In 1988, I spent a year in a village in Tanzania doing fieldwork for my thesis in social anthropology. I lived and worked among village farmers, and measured at close range how international prices affected government subsidies (and the lack thereof), and how adjustment programmes affected local women and their families. Make no mistake about it, these seemingly abstract, almost academic structural phenomena about which we publish books, papers, and articles are matters determining the lives of millions of people. An assistance programme is not of much use unless it takes these conditions fully into account.
The international community must make extensive efforts to improve the enabling environment for development. Among our most important tasks are:
· to improve the functioning of the world trade system through the World Trade Organization, taking into account the poorest countries needs;In addition, national policies and aid resources are crucial in order to attain development goals in the poorest countries. In this regard, the 20/20 Initiative is of great importance. On the basis of this Initiative, launched at the Social Summit in Copenhagen, donor countries should allocate 20% of their development aid to basic social services, such as primary education and basic health care. Likewise, developing countries should allocate 20% of their own budgetary resources to the same end.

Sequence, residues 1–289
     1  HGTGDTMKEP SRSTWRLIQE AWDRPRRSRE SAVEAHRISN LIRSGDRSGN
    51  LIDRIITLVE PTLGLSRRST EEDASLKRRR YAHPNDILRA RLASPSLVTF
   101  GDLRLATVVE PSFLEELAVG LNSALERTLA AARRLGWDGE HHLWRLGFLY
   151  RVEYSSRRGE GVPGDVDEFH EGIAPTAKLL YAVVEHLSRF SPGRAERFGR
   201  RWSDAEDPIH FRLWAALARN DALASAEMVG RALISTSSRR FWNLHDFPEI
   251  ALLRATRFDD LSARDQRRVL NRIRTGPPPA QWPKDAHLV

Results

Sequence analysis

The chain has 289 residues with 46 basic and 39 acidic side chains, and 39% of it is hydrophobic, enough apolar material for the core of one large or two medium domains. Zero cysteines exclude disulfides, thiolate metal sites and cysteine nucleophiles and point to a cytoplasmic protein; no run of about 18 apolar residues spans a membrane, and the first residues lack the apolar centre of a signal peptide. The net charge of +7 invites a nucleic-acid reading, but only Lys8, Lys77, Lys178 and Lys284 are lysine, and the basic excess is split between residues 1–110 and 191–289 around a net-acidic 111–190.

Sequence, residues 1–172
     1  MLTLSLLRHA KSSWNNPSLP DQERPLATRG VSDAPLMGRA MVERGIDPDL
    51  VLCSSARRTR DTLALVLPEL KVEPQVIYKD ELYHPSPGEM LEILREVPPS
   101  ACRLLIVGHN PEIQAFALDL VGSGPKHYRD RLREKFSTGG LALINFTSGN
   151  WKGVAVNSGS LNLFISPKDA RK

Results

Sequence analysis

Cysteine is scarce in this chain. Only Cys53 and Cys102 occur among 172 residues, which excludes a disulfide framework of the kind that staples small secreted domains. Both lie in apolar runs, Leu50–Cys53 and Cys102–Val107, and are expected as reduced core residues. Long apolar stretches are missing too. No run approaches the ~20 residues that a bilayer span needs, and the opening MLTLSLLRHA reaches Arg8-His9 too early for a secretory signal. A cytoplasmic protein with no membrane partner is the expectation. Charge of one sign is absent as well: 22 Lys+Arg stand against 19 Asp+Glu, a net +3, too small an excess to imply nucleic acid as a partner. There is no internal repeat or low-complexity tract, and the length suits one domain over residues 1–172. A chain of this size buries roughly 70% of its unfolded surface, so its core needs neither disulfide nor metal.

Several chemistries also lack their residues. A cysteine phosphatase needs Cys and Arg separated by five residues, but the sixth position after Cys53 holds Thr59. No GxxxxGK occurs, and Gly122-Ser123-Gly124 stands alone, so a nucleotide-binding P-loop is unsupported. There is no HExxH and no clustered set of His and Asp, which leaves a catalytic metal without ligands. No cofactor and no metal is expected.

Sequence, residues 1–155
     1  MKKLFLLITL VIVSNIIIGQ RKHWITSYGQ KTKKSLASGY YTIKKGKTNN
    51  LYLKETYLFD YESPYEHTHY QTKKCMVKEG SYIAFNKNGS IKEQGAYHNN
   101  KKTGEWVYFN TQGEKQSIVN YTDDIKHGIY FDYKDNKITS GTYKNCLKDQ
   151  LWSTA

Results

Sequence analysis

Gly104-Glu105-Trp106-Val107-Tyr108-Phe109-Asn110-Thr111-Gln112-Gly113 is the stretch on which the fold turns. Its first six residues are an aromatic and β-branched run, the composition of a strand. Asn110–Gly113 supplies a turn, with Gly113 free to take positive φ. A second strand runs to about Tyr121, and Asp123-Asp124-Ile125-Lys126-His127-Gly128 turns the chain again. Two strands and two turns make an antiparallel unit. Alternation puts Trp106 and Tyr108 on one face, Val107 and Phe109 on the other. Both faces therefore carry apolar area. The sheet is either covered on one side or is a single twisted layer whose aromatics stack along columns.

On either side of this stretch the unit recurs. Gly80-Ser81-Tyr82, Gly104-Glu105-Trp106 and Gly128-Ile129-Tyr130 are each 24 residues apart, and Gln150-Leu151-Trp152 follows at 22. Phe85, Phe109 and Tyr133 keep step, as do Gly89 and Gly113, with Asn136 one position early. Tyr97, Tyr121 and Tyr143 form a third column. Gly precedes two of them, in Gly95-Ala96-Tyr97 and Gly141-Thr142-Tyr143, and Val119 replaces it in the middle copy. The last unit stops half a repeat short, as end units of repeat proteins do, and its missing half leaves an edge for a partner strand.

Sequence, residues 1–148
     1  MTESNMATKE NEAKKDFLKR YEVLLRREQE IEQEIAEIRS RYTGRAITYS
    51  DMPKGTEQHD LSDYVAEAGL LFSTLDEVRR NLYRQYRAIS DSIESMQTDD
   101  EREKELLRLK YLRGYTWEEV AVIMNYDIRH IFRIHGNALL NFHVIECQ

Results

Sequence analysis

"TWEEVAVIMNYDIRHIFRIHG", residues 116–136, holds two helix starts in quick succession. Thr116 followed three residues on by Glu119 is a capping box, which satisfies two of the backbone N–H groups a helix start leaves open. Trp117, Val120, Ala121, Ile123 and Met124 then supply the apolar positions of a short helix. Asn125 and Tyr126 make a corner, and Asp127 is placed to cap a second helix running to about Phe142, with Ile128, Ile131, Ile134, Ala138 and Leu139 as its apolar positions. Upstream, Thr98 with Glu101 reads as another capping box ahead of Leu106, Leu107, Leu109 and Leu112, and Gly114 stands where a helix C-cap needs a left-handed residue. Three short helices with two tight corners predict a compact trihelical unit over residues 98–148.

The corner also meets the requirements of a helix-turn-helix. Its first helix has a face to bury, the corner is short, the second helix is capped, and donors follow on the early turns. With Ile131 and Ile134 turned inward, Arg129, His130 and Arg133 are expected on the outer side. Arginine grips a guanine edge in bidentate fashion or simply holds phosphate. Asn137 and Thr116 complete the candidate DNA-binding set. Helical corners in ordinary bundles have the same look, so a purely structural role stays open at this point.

· to support the efforts to provide effective debt relief through, for example, the Paris club;
· to support, although not necessarily without criticism and conditions, macro-economic reforms lead by the Bretton Woods Institutions.
The implementation of the 20/20 Initiative should be a top priority, and is also a pre-condition for reaching results in the area of gender and nutrition for the 21st century. Women are often the prime producers in the households. They take responsibility for the children and take care of meal preparation and family nutrition. Investing in education for women and reaching women with basic health services are investments in the future. It gives a lot in return in food security and nutrition and in health and prevention. That is why gender should be our prime focus.